3 Overview of the HYDRA Environment Before proceeding to a detailed description of the mechanisms, it will be convenient to present a somewhat incomplete and simplistic view of the execution environment created by the HYDRA kernel. The material presented in this section will be elaborated further in the following sections; however, the overview will attempt to provide the context necessary to understand the more detailed information. In order to understand the execution environment which the kernel provides, one must clearly understand the interrelationships of three object types: procedure, LNS, and process. These primitive objects are provided by the kernel specifically for the purpose of creating and manipulating an execution environment. The procedure object is simply an abstraction of the intuitive notion of procedure or subroutine; z that is, a procedure has some "code" and some "data" associated with it, it may accept parameters, and it may return values. HYDRA procedures go beyond this simple model by including protection facilities, as we shall see shortly. The act of creating a procedure object is analogous to the task of writing an Algol procedure; one produces a body of code, associates the code with a name, declares the data which the code requires, and specifies the nature of the parameters and return values which are involved. In more abstract terms, one creates a sequence of instructions and describes the environment in which they will ultimately execute; in HYDRA this abstraction is made precise. Let us consider the environment description first. A procedure object contains a list of references to other objects which must be accessed during the execution of the procedure's code. This is, in fact, a list of capabilities  and, therefore, defines not only which objects the procedure may reference, but also what actions it may perform on those objects. The capabilities which a procedure requires may be divided into two groups: those which are caller independent and those which are caller dependent. These groups naturally correspond to those objects which the procedure always accesses (at least potentially) and those objects which are considered parameters. Obviously, the former of these groups can be precisely specified at the time the procedure is created, while the latter can only be characterized since the actual objects passed as parameters are unknown until execution time. Thus, the environment defined by a procedure object contains some "holes" or "parameter positions" which are only partially specified at creation time. These holes are filled in for each execution of the procedure, using capabilities 2 It should be noted however, that the cost of entering a HYDRA procedure is considerably greater than, say, a Fortran subroutine. We do not expect that simple subroutines, such as SIN, would use the HYDRA mechanism until better hardware is provided. The reader should visualize a procedure as replacing relatively large code units and/or at points where protection environments must change. provided by the caller. We will return to a discussion of the mechanism by which a procedure characterizes its parameters, but first we must examine the LNS. A procedure is a static entity; an LNS (local name space) is the record of the execution environment of a procedure when that procedure is invoked (called). There is a unique LNS for each invocation, which disappears after the procedure terminates. The LNS for a particular invocation is the result of combining the caller-independent capabilities (listed in the procedure object) with caller-dependent actual parameters (only characterized in the procedure object) to form a single list of capabilities. The LNS defines the totality of capabilities available to a procedure during the execution resulting from a particular invocation. Note that the LNS, while heavily dependent upon the corresponding procedure for its initialization, is a wholly independent object thereafter, and alterations of the LNS do not affect the procedure object; this implies, among other things, that procedures are reentrant and potentially recursive. Up to this point the term "capability" has been used in a somewhat loose and intuitive sense; subsequently it will be used in a technical sense. A capability consists of a reference to an object together with a collection of "access rights" to that object. Possession of a capability is taken as prima facie evidence that the possessor may access the object in the ways, and in only the ways, described by the capability. Capabilities themselves are manipulated only by the kernel; hence it is impossible to "forge" a capability. A procedure object may contain templates in addition to the usual collection of caller-independent capabilities. Templates characterize the actual parameters expected by the procedure. When the procedure is called, the slots in the LNS which correspond to parameter templates in the procedure object are filled with "normal" capabilities derived from the actual parameters supplied by the caller. This "derivation" is, in fact, the heart of the protection-checking mechanism, and the template defines the checking to be performed. If the caller's rights are adequate, a capability is constructed in the (new) LNS which references the object passed by the caller and which contains rights formed by merging the caller's rights with the rights specified in the template. This implies that a callee may have greater freedom to operate on an object than the caller who passed it as a parameter, but the caller can in no way obtain that freedom for himself. We shall see that this potential expansion of rights across environment domains is a key factor in achieving the flexibility goals of the kernel and in allowing us to reject enforced hierarchical structures without introducing chaos. Before proceeding, let us review the major actions of the CALL mechanism. An executing body of code first notifies the kernel that it wishes to call a procedure. The kernel examines the actual parameter capabilities supplied by the caller and determines whether all pro- 339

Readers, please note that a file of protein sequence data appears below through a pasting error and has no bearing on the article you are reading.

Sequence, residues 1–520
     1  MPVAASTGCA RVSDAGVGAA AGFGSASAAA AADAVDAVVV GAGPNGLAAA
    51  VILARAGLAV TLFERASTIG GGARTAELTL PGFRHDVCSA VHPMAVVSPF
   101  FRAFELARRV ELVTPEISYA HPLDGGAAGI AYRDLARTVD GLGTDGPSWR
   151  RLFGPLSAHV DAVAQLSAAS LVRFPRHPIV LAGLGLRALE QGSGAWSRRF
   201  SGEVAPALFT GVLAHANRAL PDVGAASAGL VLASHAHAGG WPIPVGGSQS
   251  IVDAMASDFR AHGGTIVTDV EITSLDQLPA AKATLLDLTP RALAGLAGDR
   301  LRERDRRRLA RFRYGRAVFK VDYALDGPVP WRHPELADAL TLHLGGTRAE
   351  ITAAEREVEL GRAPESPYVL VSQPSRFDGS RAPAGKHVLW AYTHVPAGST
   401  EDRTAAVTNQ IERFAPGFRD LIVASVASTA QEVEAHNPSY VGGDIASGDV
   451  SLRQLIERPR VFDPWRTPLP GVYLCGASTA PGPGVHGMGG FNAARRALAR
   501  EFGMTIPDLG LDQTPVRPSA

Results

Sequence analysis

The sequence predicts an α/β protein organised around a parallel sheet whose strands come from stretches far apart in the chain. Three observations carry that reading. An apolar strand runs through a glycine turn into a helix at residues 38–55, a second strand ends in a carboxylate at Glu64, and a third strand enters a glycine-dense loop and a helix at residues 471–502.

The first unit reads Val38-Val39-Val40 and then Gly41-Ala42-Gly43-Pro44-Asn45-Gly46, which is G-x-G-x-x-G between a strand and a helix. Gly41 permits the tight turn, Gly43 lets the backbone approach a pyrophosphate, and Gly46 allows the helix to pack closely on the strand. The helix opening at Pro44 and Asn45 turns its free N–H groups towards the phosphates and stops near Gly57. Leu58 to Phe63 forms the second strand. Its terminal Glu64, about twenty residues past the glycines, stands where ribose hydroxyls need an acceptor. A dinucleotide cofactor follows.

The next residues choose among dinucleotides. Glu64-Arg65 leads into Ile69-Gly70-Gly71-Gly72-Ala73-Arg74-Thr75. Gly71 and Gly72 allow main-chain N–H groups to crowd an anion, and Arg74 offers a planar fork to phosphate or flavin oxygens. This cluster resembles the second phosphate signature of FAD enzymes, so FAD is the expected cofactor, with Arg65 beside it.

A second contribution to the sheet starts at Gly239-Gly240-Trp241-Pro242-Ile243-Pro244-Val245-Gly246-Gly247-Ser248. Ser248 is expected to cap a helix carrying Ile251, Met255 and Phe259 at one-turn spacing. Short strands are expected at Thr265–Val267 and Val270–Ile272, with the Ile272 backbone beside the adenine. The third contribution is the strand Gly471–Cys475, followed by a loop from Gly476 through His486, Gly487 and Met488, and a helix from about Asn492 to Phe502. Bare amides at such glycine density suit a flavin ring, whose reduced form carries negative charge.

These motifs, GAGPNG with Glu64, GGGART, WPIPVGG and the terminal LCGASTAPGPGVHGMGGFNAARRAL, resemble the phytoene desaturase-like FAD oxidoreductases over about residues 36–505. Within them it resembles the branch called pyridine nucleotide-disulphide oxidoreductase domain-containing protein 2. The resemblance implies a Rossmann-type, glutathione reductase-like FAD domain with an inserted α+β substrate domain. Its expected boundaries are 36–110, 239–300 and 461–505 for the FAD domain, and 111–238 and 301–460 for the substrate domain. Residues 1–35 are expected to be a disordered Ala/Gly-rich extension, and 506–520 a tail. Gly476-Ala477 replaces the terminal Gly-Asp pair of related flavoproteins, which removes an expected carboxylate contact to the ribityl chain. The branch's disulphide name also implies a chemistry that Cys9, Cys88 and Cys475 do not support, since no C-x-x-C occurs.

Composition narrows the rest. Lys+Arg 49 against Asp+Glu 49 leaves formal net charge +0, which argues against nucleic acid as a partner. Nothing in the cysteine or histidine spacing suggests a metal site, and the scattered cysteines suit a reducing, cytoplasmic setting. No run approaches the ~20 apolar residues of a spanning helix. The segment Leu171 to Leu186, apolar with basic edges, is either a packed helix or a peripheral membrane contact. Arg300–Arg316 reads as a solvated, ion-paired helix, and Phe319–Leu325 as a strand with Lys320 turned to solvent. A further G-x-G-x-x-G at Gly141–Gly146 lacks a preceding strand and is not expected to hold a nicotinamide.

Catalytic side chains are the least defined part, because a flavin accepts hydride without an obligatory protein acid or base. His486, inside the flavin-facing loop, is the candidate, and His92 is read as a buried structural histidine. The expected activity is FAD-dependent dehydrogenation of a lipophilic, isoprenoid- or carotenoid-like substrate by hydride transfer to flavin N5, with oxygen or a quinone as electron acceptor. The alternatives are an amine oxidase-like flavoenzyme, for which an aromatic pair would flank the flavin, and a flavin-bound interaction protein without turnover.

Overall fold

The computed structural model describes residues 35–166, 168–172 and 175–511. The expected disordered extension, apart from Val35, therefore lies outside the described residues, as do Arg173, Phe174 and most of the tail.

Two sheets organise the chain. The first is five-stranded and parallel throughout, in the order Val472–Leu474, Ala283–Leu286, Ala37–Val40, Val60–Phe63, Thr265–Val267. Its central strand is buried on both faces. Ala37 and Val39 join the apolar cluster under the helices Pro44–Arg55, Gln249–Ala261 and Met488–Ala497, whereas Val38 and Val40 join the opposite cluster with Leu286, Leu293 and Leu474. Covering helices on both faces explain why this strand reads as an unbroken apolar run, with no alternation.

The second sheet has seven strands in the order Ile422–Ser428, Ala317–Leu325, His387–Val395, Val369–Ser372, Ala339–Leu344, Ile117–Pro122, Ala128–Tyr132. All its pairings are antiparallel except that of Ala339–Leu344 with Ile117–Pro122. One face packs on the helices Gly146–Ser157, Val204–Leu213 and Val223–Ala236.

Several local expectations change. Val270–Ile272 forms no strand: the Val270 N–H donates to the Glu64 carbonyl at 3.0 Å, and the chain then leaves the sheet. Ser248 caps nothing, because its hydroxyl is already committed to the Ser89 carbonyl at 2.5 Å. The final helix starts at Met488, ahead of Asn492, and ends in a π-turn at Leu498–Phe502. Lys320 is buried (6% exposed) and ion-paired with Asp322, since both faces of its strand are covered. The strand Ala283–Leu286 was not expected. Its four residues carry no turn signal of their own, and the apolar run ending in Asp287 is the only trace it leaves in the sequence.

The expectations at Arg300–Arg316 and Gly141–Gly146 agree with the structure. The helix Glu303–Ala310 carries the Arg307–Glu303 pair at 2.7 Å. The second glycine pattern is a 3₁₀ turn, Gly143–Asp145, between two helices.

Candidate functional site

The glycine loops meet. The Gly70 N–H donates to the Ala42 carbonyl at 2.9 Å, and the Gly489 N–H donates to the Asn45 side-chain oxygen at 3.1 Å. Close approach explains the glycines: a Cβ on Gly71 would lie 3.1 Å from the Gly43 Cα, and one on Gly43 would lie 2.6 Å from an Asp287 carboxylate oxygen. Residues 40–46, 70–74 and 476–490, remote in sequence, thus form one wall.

4 tection requirements are met. If so, the kernel creates a new LNS which defines the new environment; the caller's LNS is superceded by this new LNS for the duration of the called procedure's execution. The body of code associated with the callee receives control from the kernel and begins executing. When it completes its function, it will return control to its caller by way of the kernel. The kernel will delete the callee's LNS and restore that of the caller, thus returning to the previous environment. Up to this point, nothing we have described suggests any exploitation of the parallel processing capabilities of C.mmp. The actions involved in calling and returning from procedures are strictly sequential in nature, being in essence formalizations of traditional subroutine behavior. We come now to the unit of asynchronous processing in HYDRA--the process. A process in the technical sense defined by HYDRA corresponds closely to one's intuitive notion of a process. Viewed from the outside, it is the smallest entity which can be independently scheduled for execution. Viewed from the inside, it constitutes a precise record of the changes of environment induced by a sequence of calls. In other words, a process is a stack of LNS'S which represents the cumulative state of a single sequential task. HYDRA implements interprocess communication and synchronization by providing elementary message buffering primitives and Dijkstra-style semaphore operations. These facilities have been treated in  and elsewhere and will not be discussed here. The Protection Mechanism The protection mechanism is at the heart of the HYDRA design. In describing the mechanism it is important at the outset to distinguish between protection and security and to determine what is to be protected and against what. In our view, protection is a mechanism; security is a policy. A system utilizing such a mechanism may be more or less secure depending upon policies governing the use of the mechanism (for example, passwords and the like are policy issues) and upon the reliability of the programs which manipulate the protected entities. Thus the design goal of the HYDRA protection mechanism is to provide a set of concepts and facilities on which a highly secure system may be built, but not to inherently provide that security. A particular consequence of this philosophy has been to discard the notion of "ownership." While ownership is a useful, perhaps even an important, concept for certain "security" strategies, to include the concept at the most primitive levels would be to exclude the construction of certain other classes of truly secure systems. Our rejection of hierarchical system structures, and especially ones which employ a single hierarchical relation for all aspects of system interaction, is also, in part, a consequence of the distinction between protection and security. A failure to distinguish these issues coupled with a strict hierarchical structure leads inevitably to a succession of increasingly privileged system components, and ultimately to a "most privileged" one, which gain their privilege exclusively by virtue of their position in the hierarchy. Technologists like hierarchical structures-they are elegant; but experience from the real world shows they are not viable security structures. The problem, then, which HYDRA attempts to face squarely, is to maintain order in a nonhierarchical environment. The obvious candidate for (the unit of) protection is the object since this is the abstracted notion of an arbitrary resource. Similarly, the HYDRA procedure is considered to be the abstraction of an operation. Thus HYDRA provides a protection mechanism for the application of operations (procedures) to instances of resources (objects). All of the familiar security for files (e.g. read, write, delete), memory (e.g. read, write, execute), etc., can be conveniently modeled in this way. In addition a large additional class of secure systems can be built. Everything of interest in the HYDRA view is the abstracted notion of a resource, called an object, or a reference to an object, called a capability. Each object has a unique name, a type part, and a representation (consisting of a capability part, and a data part). The unique name of an object distinguishes the object not only from all other extant objects, but from all objects which have existed or will exist. Knowledge of the unique name of an object does not grant access to the object since objects may only be referenced through capabilities (which are not manipulable except by the kernel). The type part of an object serves to identify the object with that class of objects whose type parts have an identical value. The type part contains, in fact, the unique name of a distinguished object which serves as the representative of such a class. (By convention the type of these representatives is the name of a special distinguished object whose name is TYPE and which names itself in its type field.) Since there is a potentially infinite supply of unique names, there is a potentially infinite number of object types as well. A new class of objects may be created simply by creating a single object to serve as its distinguished representative. Objects become inaccessible only when there are no references to them. It is possible to generate selfreferential structures; and although a general garbagecollection deletion mechanism is required, these structures are rare. Hence a reference count is maintained in each object, and objects are deleted a when this count becomes zero. The representation portion of an object contains whatever information is relevant to the representation of the resource which the object denotes. This information may be of two types: data (which is normally una The deletion mechanism is not essential to an understanding of HYDRA, therefore this function of the kernel will not be discussed further. 340